Do quantum-mechanical systems always possess definite properties dictated by their states?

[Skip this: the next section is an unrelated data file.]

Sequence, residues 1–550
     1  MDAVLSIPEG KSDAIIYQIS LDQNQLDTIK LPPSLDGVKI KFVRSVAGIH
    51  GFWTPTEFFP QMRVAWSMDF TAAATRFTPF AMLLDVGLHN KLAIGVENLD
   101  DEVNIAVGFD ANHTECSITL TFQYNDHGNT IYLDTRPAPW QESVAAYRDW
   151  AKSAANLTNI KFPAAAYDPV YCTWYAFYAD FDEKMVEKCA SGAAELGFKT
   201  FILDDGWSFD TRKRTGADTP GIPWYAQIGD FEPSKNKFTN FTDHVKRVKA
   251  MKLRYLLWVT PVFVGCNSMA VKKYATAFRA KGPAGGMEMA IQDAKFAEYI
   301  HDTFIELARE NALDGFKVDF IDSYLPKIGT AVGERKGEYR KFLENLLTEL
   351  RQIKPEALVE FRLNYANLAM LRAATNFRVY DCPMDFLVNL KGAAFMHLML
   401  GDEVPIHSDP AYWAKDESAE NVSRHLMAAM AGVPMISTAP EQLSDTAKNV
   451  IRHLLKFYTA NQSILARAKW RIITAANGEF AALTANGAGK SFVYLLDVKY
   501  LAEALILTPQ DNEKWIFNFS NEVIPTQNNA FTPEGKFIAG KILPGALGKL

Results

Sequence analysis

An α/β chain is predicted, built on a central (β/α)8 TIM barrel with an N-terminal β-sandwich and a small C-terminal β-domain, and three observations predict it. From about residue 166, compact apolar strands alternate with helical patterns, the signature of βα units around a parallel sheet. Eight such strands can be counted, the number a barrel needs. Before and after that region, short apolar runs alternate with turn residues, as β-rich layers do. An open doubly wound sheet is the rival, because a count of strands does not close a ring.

In the article the possibility of breaking the eigenvalue-eigenstate link in quantum mechanics is considered. An argument is presented to the effect that there are some non-maximal observables for which the implication from eigenstates to eigenvalues is not valid, i.e. such that although the probability of revealing certain value upon measurement is one, they don't possess this value before the measurement. It is shown that the existence of such observables leads to contextuality, i.e. the thesis that one Hermitean operator can represent more than one physical observable. Finally, contextuality brought about by these considerations is compared with contextuality suggested by the Kochen-Specker paradox.
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